Greek investor declared preferred bidder for privatization of Alimos marina in Athens

Greek investor “Aktor Concessions SA” was nominated as the preferred bidder for the granting of the right to use and exploit the marina of Alimos in south Athens for a period of 40 years, in the context of Greece’s privatization program, the Hellenic Republic Asset Development Fund (HRADF), the country’s privatization fund, announced on Tuesday.

During an e-Auction procedure conducted on Tuesday, the Greek company offered 57.5 million euros (65 million U.S. dollars), according to an e-mailed press release.

The value of the agreement amounts to a total consideration of at least 177 million euros, as it includes, in addition to the price that will be paid with the begging of the concession, an annual concession fee and a revenue sharing expressed as a percentage of the marina’s annual turnover, HRADF explained.

The concessionaire will proceed with investments amounting to 50 million euros within the next five years to modernize the marina.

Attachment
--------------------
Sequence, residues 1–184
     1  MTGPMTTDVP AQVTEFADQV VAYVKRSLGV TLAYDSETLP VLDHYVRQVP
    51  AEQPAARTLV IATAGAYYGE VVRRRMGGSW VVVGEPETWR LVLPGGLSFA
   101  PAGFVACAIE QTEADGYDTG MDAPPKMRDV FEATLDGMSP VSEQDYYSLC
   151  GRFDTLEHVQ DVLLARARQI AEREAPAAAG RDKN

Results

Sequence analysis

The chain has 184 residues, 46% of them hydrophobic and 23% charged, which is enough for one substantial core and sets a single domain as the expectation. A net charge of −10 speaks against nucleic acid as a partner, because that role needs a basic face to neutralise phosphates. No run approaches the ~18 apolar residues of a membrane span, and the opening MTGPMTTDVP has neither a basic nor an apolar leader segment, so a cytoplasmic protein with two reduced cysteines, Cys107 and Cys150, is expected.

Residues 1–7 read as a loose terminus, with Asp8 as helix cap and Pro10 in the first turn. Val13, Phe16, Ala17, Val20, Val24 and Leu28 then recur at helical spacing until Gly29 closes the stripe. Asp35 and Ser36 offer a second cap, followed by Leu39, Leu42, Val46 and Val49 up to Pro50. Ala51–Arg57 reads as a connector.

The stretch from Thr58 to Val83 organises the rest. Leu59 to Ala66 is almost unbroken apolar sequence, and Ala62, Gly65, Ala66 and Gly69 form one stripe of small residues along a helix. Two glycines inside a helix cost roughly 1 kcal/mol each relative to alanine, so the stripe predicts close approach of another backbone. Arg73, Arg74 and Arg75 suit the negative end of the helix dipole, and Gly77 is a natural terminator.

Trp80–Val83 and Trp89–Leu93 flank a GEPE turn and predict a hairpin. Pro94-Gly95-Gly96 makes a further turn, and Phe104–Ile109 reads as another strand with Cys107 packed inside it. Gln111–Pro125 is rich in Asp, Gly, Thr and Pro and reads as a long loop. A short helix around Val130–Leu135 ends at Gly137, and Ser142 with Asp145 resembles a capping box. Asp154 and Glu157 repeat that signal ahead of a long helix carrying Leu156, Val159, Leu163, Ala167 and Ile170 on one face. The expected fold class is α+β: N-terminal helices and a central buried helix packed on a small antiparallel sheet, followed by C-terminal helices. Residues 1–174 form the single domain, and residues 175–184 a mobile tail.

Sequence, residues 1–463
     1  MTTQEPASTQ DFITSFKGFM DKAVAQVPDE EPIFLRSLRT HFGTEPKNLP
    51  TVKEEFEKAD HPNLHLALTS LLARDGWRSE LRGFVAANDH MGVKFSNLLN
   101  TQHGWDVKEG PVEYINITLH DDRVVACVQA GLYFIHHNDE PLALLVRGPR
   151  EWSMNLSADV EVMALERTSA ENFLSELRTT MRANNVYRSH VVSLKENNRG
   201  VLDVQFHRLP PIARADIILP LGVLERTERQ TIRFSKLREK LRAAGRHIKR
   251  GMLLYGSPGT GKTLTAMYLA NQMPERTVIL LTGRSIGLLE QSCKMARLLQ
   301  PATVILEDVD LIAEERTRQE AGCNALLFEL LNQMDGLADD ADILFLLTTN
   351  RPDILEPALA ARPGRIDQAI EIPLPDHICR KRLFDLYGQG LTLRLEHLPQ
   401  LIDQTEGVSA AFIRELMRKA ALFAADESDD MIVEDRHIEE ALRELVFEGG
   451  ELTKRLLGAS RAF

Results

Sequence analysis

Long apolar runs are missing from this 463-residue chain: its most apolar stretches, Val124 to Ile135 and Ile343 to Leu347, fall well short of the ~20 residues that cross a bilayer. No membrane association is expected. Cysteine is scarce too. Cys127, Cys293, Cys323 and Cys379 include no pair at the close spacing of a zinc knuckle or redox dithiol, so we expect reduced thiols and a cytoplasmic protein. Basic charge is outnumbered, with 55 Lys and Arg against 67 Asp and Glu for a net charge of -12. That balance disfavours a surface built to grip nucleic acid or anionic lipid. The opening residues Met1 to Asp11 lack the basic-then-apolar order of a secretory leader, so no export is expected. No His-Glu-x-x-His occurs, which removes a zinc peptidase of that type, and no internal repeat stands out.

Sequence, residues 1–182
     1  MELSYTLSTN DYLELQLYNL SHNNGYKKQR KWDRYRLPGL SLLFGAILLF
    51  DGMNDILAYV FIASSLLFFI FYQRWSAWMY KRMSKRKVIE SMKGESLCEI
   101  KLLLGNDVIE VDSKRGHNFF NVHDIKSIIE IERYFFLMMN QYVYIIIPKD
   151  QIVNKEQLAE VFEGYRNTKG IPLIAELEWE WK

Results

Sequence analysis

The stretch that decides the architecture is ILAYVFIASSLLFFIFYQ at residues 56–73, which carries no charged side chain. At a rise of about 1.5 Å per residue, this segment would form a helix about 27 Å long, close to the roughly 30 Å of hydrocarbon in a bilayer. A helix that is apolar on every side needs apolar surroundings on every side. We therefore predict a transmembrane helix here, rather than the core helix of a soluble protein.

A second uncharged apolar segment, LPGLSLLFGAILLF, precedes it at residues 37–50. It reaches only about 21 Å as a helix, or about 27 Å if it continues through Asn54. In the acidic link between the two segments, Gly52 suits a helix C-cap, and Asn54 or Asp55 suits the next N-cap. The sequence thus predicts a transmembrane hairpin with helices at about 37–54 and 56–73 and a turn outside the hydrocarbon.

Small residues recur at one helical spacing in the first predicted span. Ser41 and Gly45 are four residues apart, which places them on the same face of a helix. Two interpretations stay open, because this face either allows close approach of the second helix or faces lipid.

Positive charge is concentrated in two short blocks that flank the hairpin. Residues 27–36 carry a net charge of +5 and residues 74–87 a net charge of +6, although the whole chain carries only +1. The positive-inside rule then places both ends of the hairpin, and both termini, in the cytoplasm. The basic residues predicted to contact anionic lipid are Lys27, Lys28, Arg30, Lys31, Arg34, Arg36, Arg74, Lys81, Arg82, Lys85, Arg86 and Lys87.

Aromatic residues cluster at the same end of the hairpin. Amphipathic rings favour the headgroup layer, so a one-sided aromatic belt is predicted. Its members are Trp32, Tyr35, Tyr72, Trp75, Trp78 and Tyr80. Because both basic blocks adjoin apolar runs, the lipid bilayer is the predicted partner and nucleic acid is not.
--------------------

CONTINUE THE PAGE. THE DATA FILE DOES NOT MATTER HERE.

Constructed in the 60s, Alimos marina has 1,000 permanent positions. After its upgrade it will have at least 1,200 permanent positions and will be able to accommodate yachts up to 45 meters long.

In addition to the upgrading of existing port infrastructures, under the development project, the image of the marina’s land area will also change.

The aim is to create a center for recreation that includes green and promenade zones, leisure activities and dining areas, shops, hotel facilities, offices, playgrounds, etc. across an 18,500 square meters zone, according to the press announcement.

The concession agreement for Alimos marina is part of the Greek privatization program launched in 2010 under the bailout programs with international lenders which helped the debt-ridden country stay afloat and in the euro zone.

Greece exited last summer the third bailout program, but continues on the path of fiscal discipline, reforms and efforts to fully exploit its wealth and resources in order to boost growth and leave the debt crisis for good. (1 euro= 1.13 U.S. dollars)